New Jersey Drug Court Expansion An Early Success
Earlier this year, Eric Holder, the U.S. Attorney General, directed federal prosecutors to take steps to prevent some non-violent drug offenders from spending significant time behind bars. The announcement was meant to limit the application of harsh mandatory prison sentences for some federal drug crimes and was applauded by many experts. Indeed, some saw Holder’s decision as a tacit admission that the “War on Drugs,” waged for decades throughout the U.S. and at astronomical expense, had failed.
Although the decision to change the way in which prosecutors charge non-violent, first-time offenders marked a significant change in federal policy, some states, including New Jersey, had already taken steps to explore alternative options in sentencing and helping those charged with drug crimes.
In 2012, Governor Chris Christie signed legislation expanding New Jersey’s drug court program. The new law made it possible for more offenders, including those charged with burglary or robbery, to take advantage of the drug court program. In addition, the law made participating mandatory for some offenders. Previously, participation in drug court had been voluntary.
According to Governor Christie, the expansion of New Jersey’s drug court program was an important step in the right direction. During the 1980s, the nationwide crack epidemic caused lawmakers to take a hard line with respect to drug sentencing, which led to harsh, often times unjust mandatory minimum prison sentences for even first-time offenders.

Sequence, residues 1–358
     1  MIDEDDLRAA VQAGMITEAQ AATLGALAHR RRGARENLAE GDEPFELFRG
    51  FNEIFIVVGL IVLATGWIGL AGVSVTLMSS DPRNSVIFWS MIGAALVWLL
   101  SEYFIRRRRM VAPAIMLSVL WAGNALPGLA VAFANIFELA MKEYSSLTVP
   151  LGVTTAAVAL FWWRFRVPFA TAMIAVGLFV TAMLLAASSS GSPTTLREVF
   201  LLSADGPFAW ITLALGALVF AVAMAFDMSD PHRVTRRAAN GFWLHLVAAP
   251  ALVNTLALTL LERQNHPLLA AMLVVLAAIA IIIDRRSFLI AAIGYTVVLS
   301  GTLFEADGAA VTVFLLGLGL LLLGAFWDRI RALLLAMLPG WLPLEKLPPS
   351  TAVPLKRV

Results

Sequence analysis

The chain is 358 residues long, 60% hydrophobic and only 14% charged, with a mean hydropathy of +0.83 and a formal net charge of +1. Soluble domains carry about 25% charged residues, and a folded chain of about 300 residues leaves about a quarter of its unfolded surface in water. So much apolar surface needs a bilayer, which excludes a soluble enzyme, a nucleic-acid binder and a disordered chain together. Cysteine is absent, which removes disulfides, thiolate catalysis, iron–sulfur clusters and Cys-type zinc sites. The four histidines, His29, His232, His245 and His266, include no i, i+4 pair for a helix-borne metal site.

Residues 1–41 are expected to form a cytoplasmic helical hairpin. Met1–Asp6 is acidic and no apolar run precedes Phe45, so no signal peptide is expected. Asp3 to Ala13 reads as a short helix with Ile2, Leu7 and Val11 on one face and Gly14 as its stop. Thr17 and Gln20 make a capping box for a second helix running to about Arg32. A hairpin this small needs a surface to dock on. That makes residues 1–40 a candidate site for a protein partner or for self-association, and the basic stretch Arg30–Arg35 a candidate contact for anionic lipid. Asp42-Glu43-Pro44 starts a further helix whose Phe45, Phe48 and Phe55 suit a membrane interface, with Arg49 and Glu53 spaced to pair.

New Jersey’s drug court program is only open to non-violent offenders. As part of the program, individuals agree to submit to regular mandatory drug testing and to take part in certain treatment programs required by the court. If a participant fails a drug test or commits another crime, he may face time in jail. In past years, some addicts preferred to forego treatment in favor of time in prison. Under the new law, however, this is no longer an option in some cases: for many addicts, court-approved treatment is the only choice.
Supporters of the drug court program point out that previous efforts designed to put people behind bars for years simply did not work. Once offenders were released, many still had addiction issues and were likely to re-offend. They also point out one important aspect of the drug court model: it is significantly less expensive to require someone to get treatment than it is to lock him up in a cell for years at a time.
If you have been charged with a drug crime, speak to an experienced criminal defense attorney, who can explain your rights.